Natalie Lussier, intern at Kelly & Kelly recently shadowed criminal defense lawyer Michael Kelly at a criminal court hearing. She recently reflected on this experience.

A Day In Court
By: Natalie Lussier

I was visibly excited as I emptied my pockets into the sad metal detector bins at the 22nd Municipal Courthouse in Ann Arbor. I never thought I’d be in such a good mood to be in a courthouse; it felt like the epitome of cognitive dissonance to actually be happy to observe a hearing. I had grown up with the typical lessons through mainstream media that court is not where you want to be. Why then, I wondered, do lawyers willingly go into a profession where you spend so much time here? I needed to see for myself.

First, as I’m typing this and reflecting, I want to point out that the security staff and clerks showed me genuine kindness from the moment entered the courthouse.  When I was filing papers for my first time I tried to walk through with my cell phone, which only lawyers or “runners” can do. The security verified I was a runner (someone who files papers), informed me on the term (my face was like ‘what am I running from?’), and handed back my phone- all while jovially amused at my intern ignorance. He then asked me where I was going and gave me instructions on how to get to the correct office. It was this kindness that put me at ease and increased my confidence. Filing for my first time in an unknown courthouse? No problem!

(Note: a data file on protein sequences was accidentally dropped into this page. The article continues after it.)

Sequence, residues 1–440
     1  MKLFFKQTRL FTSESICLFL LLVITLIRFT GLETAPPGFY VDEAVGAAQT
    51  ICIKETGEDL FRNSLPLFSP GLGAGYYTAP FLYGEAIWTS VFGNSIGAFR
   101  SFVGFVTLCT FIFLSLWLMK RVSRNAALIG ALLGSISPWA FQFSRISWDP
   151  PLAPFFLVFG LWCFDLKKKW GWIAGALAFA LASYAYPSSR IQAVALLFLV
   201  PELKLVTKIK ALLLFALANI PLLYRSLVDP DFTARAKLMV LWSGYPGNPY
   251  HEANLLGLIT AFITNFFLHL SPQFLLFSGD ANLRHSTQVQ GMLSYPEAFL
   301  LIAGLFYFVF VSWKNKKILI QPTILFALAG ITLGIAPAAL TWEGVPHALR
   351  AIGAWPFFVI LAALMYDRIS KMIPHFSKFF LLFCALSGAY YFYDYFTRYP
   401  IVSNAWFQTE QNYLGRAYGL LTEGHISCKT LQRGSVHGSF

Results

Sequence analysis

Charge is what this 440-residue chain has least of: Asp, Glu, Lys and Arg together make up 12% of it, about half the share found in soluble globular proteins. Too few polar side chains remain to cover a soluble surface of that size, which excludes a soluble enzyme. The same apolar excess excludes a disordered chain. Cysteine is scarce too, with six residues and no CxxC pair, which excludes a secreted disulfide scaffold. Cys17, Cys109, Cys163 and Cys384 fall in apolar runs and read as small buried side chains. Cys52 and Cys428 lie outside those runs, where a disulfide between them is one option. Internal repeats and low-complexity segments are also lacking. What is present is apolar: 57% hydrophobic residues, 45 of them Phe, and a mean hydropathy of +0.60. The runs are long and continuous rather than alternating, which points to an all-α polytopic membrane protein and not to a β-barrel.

Now, for the other side of the coin. I shadowed a criminal law hearing and it seemed like most of the hearing was decided before it even began. Michael Kelly and the prosecutor talked to the judge beforehand, so when the hearing began it was over in a handful of minutes. It seemed that a deal had been struck, so the hearing itself seemed like a formality. 

The second hearing I shadowed was family law and that was where I really saw the unhappy aspect of court I’d heard so much about. The case I shadowed went well for our client; the judge was on our side and issued a long, stern lecture to the father in the divorce about how he needed to make different life decisions and help out his family, so for starters, pay child support. Watching this made me feel uncomfortable, similar to witnessing your friend getting scolded by their parents as a kid. It felt personal and something I shouldn’t be witnessing. However, I also felt proud of the judge for recognizing who was in the wrong and not letting this man walk out of court without a wake-up call, because the reality was that he did need to make better choices and he did need to help his family. 

My final thoughts on court are as follows: court is not a happy place, but it is not the dark and gloomy place I preconceived it to be. Where one person walks out with their head down after a harsh wake-up call, another person walks out with their head high after a win. This goes for the lawyers in the court as well as the defendants and plaintiffs. Court also isn’t as long as you would think, at least for hearings. The longest part is the waiting for your case to be called. Lastly, there is no blanket personality in court houses, and no one that worked there seemed unhappy. I encountered kind security guards, helpful clerks, blunt judges, and a wide range of attorneys, some prepared and confident, others scattered and nervous. 

Shadowing hearings and seeing six or so attorneys in action, I learned what to do, and more importantly, what not to do… like interrupting a judge multiple times after providing an incomplete discovery (sent over from France?!) If I took anything from these observations that I’ll carry with me through my professional career, it’s that I never want to be the attorney that the judge has to scold for being unprepared. It’s not only embarrassing, but it does nothing good for your client.